On Tuesday I went to New York to meet with SHORTER’S American editor and publicity team about the release of the book. (Fortunately, events like the UK general election, in which the Labour Party is advocating for a 4-day workweek (and right-wing think tanks are saying would be terrible), the new Microsoft Japan report, Cal Newport’s New York Times piece, etc. are doing a great job of getting people talking about it!)
I also had a little time to stop in the global headquarters of Cockroach Labs, a startup located on 23rd Street.
They do cloud-based SQL databases, which if you know anything about cloud computing or SQL databases is really cool. (I don’t, but living in Silicon Valley I have friends who are highly technical and think this is an interesting problem.) They also have a 4-day workweek, with the office staying open on Fridays to let people work on their own side projects. This may not sound like a great perk, but for software developers, many of whom are self-taught and are always aware that there are new and interesting technologies that they should learn about, it’s a powerful attractor.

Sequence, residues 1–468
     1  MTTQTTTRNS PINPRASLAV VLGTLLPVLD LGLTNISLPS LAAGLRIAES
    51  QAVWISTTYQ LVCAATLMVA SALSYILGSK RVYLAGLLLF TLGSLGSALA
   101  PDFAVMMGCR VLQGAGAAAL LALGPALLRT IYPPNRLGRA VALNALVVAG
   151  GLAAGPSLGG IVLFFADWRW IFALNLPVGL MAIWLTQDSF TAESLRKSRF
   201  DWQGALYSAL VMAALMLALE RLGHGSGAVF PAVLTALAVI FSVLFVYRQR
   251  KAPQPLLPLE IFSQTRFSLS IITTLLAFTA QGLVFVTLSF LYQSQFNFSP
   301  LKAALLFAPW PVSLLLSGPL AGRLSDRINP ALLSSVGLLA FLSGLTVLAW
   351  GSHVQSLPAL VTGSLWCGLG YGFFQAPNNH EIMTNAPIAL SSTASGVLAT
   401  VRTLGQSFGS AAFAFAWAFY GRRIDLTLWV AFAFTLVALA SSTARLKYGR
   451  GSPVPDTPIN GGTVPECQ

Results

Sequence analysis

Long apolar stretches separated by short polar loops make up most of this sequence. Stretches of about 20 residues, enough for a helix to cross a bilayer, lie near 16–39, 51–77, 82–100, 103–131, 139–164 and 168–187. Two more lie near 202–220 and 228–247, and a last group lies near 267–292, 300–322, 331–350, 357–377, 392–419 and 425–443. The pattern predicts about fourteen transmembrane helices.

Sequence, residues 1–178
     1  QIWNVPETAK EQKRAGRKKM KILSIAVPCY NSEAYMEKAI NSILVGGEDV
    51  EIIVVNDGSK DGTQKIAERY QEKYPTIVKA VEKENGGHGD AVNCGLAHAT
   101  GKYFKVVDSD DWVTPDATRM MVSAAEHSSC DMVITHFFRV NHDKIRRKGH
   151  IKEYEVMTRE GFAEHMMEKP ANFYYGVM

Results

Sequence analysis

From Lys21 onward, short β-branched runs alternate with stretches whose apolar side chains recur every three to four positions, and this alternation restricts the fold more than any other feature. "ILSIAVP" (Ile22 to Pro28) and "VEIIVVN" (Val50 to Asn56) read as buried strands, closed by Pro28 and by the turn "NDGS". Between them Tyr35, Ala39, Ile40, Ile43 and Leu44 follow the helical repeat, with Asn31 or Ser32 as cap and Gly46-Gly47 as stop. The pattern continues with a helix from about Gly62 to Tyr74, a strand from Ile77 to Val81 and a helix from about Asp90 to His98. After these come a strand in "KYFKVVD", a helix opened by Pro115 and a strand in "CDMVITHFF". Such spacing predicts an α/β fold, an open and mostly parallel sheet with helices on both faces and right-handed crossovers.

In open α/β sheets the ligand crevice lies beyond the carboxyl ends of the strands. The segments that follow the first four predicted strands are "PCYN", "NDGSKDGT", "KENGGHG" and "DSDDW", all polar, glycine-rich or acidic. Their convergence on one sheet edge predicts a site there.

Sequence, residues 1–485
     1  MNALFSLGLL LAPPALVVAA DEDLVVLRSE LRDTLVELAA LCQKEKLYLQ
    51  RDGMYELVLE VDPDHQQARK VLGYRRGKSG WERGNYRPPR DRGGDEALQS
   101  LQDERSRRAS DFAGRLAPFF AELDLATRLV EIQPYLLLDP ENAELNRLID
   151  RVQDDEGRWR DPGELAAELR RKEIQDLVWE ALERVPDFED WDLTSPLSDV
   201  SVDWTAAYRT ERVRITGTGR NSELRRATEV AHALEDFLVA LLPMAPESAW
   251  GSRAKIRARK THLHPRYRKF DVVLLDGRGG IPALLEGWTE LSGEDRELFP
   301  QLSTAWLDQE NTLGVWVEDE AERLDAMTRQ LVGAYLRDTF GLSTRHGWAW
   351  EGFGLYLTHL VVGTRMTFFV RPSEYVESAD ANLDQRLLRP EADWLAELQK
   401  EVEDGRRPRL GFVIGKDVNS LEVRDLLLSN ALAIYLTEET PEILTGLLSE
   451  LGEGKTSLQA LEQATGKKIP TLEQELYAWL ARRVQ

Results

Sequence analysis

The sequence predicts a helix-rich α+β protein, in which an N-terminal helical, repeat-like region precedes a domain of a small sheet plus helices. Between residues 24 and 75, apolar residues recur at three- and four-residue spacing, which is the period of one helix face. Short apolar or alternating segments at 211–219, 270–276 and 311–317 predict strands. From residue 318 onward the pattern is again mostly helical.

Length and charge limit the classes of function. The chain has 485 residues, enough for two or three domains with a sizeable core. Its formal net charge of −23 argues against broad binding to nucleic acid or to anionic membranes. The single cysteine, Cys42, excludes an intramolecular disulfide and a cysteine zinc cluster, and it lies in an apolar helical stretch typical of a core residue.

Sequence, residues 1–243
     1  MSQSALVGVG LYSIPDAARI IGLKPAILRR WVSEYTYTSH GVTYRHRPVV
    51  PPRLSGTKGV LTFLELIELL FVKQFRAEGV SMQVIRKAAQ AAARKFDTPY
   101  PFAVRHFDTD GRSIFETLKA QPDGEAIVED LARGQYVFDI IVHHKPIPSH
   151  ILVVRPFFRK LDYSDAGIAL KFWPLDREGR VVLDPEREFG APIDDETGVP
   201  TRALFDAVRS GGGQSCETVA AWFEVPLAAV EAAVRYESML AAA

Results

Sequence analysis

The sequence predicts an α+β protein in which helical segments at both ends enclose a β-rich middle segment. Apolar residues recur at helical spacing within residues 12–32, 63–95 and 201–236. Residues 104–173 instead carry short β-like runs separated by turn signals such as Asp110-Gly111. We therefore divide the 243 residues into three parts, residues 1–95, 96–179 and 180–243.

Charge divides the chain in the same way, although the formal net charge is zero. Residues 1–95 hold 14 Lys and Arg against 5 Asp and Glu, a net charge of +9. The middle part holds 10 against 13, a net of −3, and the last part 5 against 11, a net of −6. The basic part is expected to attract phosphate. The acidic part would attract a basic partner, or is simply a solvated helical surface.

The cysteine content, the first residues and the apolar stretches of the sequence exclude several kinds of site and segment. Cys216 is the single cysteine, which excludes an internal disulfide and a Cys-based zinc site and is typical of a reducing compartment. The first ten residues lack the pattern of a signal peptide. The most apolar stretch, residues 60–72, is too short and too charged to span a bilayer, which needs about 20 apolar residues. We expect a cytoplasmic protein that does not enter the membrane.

As a result, the average age of company employees is 35, which means that they’re a young company with a surprisingly experienced workforce with the structural support needed to stay up-to-date in their specialties.
For a place on 23rd Street, the office was surprisingly green. The common area has a big wall of moss and ferns, which also serves to absorb sound.
There are other plants throughout the office, which pick up on the green.
This was an especially nice touch: moss on one side of the pillars (since moss only grows on one side of trees).
It’s always great to see these places, because it stimulates questions that you wouldn’t think to ask via Skype, or lets you pick up details that you otherwise wouldn’t notice. For example, I was struck by how quiet the place was: even though it was open office, there was virtually no chatter (except for me). However, they get lunch brought into the kitchen four days a week, and during lunchtime everyone congregates and talks. Being more focused doesn’t make the place less friendly.
There were lots of other interesting details, but I’ll save those for the talks.
While all the humans were very friendly and generous with their time, one of the office dogs was absolutely certain that I was up to no good, and that I needed to be watched carefully.
Fortunately for (fur?) the company, Carl made sure that I wasn’t able to create any trouble.
His friend Remy, in contrast, was a little less suspicious.